The main advice is to develop climate policies through cooperation and coordination at all national and international levels. However, the efficacy of responses is offset with arguments that the efficacy of mitigation and adaptions efforts is limited or even rather low, the implementation thereof can be problematic and costs can be considerable. This seems to undermine the message that something can and should be done about climate change, right now, and at all costs (cf., [60]). As such, hazard information should be consistently combined with efficacy information [52,61]. We therefore argue that mitigation and adaptation responses could be made more effective by a) offering more concrete options and examples thereof and b) more strongly emphasizing the efficacy of those responses, while paying less attention to possible low efficacy and/or implementation issues (as these are also of hypothetical nature). All in all, we believe these recommendations should be taken into account in future climate change reporting, especially in IPCC’s 6th assessment report which is planned for 2022.

4.2. Representations of Climate Risks: Abstract and Concrete Message Elements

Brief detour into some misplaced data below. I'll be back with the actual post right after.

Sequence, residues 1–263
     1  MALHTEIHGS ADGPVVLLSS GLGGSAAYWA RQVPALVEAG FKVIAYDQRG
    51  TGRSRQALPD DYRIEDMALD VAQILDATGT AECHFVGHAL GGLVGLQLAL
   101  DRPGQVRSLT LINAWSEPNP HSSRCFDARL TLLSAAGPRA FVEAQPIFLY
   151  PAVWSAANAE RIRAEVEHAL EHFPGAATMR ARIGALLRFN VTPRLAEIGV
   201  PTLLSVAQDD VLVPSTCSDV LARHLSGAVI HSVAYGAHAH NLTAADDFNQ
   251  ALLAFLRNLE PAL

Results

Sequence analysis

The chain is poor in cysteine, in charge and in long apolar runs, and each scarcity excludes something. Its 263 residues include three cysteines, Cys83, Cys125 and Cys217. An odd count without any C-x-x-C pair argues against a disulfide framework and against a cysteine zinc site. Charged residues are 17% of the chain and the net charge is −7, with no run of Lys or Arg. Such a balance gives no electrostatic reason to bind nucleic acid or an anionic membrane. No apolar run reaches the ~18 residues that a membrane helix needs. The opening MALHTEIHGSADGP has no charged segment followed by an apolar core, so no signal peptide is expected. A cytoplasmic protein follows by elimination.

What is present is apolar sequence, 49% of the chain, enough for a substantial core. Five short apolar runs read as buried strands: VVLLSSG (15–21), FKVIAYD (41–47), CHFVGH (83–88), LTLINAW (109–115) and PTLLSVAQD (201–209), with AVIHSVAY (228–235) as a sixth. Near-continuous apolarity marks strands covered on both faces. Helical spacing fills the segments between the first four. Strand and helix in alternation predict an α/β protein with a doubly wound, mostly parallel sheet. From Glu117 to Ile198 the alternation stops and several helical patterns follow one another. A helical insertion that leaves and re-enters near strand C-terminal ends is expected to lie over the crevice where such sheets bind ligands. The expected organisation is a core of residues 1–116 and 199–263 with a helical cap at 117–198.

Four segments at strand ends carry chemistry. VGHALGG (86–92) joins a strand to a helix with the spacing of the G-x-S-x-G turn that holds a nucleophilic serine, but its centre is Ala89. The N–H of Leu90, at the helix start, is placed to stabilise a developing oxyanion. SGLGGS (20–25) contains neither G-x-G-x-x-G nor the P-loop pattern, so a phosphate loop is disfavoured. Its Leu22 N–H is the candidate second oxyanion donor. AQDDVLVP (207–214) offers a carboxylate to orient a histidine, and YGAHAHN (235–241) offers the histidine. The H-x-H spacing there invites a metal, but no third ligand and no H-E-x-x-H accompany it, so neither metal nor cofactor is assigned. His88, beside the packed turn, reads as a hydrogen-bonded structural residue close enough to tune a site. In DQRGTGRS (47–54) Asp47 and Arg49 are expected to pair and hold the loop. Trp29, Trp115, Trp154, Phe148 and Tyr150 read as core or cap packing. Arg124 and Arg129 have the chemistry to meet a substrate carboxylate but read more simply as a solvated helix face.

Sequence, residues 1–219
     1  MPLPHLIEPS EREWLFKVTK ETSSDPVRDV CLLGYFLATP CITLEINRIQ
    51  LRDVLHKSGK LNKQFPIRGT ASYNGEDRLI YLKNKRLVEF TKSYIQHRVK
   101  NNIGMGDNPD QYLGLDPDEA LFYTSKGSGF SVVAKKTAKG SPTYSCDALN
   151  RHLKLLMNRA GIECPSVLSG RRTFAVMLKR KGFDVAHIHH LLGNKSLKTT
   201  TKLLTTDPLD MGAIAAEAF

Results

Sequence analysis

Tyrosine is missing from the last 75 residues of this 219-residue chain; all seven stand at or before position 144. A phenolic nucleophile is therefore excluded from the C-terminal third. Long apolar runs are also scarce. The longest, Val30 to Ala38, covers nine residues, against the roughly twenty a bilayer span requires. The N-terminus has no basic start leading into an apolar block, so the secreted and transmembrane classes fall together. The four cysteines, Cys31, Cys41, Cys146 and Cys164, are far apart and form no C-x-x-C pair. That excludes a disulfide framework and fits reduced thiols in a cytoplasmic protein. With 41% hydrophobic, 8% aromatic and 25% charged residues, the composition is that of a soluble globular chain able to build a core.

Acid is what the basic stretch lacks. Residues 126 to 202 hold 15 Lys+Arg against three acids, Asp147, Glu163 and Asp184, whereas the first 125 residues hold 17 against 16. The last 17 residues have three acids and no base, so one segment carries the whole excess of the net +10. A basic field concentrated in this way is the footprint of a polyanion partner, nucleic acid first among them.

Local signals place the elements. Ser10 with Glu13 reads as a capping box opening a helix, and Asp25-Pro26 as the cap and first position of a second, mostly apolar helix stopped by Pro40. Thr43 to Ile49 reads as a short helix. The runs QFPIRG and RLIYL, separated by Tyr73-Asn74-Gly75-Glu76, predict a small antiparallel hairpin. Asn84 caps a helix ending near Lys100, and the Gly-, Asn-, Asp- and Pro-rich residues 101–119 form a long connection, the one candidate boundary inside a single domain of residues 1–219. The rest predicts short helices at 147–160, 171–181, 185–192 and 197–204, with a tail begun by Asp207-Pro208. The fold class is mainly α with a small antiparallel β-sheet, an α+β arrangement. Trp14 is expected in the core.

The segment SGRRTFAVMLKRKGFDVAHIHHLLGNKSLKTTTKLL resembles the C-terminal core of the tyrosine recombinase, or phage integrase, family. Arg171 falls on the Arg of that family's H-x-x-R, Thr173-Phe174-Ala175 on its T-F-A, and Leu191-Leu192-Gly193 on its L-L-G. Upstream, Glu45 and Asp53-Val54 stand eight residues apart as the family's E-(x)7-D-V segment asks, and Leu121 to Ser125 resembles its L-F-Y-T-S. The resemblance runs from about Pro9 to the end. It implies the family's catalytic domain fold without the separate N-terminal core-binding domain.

A striking observation was the ratio of abstract and concrete messages across the SPM report. The use of concrete representations was much less frequent in the SPM (Figure 1), especially for the social/spatial dimension (seven concrete counts, 44 abstract counts). Possible explanations for using such abstract examples and passages in the SPM include: (1) the nature of a global report, as a result of which the authors do not want to single out specific regions or social groups (obviously, more details are given in the full IPCC working group reports); (2) the authors might wish to be cautious and therefore prefer general rather than specific statements; (3) the authors mention to be careful not to make claims when there is not complete certainty, therefore they use wordings like virtually, certain, very likely, etc. (see [62] for a discussion on the challenges in communicating certainty); (4) broad time horizons because pinpointing specific time horizons might be scientifically difficult; (5) the IPCC SPM is, at its core, a summary and synthesize document, thereby yielding little more than the bigger picture (i.e., abstract climate information). Regarding time horizons, a concrete message might also mean that a chance is represented within a lifetime, not just a window of a few years. This means that a period of a number of decades could still be perceived by readers as concrete information [63].